Not exactly emptying the Netflix queue, or making a dent in the Letterboxd watchlist, but still productive, I think. I also half-watched Mad Max: The Road Warrior and A Year In Champagne, which I’ll try to knock over by the end of the week.
I’m still not entirely sure what to make of this film. I didn’t quite get it. But I really think that’s exactly the point. The dialogue is so obscure, so layered, so full of scientific jargon, but not at all in a deliberate, dramatic-concealment kind of way. If two dudes stumbled across time travel in a garage, I pretty much think this is how things would turn out. Give or take. I’ll let you know when I watch the film earlier tomorrow.
Seven Days in May (1964)
I expected something of a Cold War countdown, similar to Fail Safe, or its comic attache, Dr Strangelove. Instead I got a tensely-wound political thriller, quite simply detailed despite its tentacle-like story threads. Lancaster and March hold this up — and I say this in spite of the presence of Martin Balsam and Edmond O’Brien in supporting roles.
What struck me most of all today (and you may be sensing a pattern today) is the cinematography. The framing in some of the scenes of this film is phenomenal. Some of the editing, on the other hand (I speak for the sequence where Douglas watches Lancaster’s speech) is akin to proper ’70s paranoia films (I’m looking at you, Parallax View).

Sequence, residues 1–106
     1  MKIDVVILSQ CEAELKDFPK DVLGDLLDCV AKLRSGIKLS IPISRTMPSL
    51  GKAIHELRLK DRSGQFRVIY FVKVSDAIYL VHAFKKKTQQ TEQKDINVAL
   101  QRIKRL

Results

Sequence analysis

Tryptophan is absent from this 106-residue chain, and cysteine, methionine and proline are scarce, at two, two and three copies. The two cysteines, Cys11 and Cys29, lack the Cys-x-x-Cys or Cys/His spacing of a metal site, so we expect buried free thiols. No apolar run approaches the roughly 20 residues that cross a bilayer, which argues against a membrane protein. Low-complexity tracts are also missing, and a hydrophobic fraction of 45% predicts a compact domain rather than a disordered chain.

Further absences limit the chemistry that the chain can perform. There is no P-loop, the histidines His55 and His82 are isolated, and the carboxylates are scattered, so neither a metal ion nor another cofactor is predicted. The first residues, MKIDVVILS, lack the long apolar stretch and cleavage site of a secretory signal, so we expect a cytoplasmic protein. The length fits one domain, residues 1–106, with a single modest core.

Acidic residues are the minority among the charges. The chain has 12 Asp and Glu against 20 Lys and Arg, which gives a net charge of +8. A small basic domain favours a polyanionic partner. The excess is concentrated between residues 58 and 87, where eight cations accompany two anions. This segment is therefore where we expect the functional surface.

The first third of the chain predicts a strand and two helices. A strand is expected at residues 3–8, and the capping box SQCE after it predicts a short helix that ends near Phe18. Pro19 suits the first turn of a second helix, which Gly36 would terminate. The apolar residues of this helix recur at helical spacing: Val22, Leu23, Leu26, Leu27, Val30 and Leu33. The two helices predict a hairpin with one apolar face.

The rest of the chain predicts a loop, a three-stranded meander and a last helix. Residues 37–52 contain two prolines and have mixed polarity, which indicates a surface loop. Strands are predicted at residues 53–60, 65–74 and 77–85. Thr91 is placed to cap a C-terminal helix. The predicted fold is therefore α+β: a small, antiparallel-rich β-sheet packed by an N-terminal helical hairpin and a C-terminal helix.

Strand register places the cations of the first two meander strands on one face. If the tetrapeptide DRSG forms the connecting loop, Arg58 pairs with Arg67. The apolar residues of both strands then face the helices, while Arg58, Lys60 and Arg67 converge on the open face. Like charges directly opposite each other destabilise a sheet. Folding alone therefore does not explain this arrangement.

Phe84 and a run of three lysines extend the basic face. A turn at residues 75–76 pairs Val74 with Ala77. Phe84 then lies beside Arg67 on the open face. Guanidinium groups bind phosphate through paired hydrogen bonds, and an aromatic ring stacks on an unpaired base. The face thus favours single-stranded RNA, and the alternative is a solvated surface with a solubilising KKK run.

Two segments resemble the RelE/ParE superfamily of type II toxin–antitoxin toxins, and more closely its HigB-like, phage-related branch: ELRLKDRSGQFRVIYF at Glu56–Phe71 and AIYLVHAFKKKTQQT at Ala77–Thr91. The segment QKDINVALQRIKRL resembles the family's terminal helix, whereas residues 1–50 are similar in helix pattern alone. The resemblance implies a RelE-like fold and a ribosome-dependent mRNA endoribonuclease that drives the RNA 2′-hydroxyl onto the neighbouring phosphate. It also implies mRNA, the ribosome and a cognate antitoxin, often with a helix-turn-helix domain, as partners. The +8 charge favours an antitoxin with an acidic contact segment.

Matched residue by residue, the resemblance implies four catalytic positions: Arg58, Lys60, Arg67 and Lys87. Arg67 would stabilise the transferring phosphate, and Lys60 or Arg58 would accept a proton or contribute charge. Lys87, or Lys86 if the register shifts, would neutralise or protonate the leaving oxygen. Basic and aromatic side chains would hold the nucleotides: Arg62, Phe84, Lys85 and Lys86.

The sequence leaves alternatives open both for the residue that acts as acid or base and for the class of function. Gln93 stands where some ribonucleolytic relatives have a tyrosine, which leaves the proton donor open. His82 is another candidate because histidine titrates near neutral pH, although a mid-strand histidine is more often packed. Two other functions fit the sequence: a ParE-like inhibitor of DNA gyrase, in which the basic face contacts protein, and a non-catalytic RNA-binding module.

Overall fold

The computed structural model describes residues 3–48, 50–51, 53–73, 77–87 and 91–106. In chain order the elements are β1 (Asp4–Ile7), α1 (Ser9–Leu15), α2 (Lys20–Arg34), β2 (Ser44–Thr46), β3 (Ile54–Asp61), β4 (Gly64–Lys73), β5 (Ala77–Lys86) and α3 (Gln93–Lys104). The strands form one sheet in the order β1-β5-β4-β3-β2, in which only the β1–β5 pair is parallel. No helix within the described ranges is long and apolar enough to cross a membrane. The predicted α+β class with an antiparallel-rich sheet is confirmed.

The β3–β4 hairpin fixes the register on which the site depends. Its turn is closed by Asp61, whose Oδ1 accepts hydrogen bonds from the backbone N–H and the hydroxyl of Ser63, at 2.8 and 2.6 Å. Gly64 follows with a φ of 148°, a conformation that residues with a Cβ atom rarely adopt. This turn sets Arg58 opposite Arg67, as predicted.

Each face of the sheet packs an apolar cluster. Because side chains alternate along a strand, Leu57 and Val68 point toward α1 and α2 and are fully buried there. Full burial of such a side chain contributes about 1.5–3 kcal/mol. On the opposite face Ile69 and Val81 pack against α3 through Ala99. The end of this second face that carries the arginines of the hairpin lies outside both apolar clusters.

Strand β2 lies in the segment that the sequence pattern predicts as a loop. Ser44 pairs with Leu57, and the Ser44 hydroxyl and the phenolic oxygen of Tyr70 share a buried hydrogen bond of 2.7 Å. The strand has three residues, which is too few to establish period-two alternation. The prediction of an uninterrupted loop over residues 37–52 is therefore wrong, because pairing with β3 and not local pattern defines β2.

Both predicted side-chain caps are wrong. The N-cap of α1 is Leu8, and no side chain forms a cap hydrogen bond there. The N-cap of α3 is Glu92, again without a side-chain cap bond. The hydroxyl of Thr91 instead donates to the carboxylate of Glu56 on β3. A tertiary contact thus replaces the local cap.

But this had me hanging, which is an achievement for films of this ilk. [cross-posted from Letterboxd]
Pandora’s Promise (2013)
Just to top off a day of science and paranoia, I finished up with this rather optimistic view of what nuclear power might offer a world aching for a clean and safe source of energy. I enjoyed this, despite its sometimes feeling a little like a Kickstarter promo video. [cross-posted from Letterboxd]
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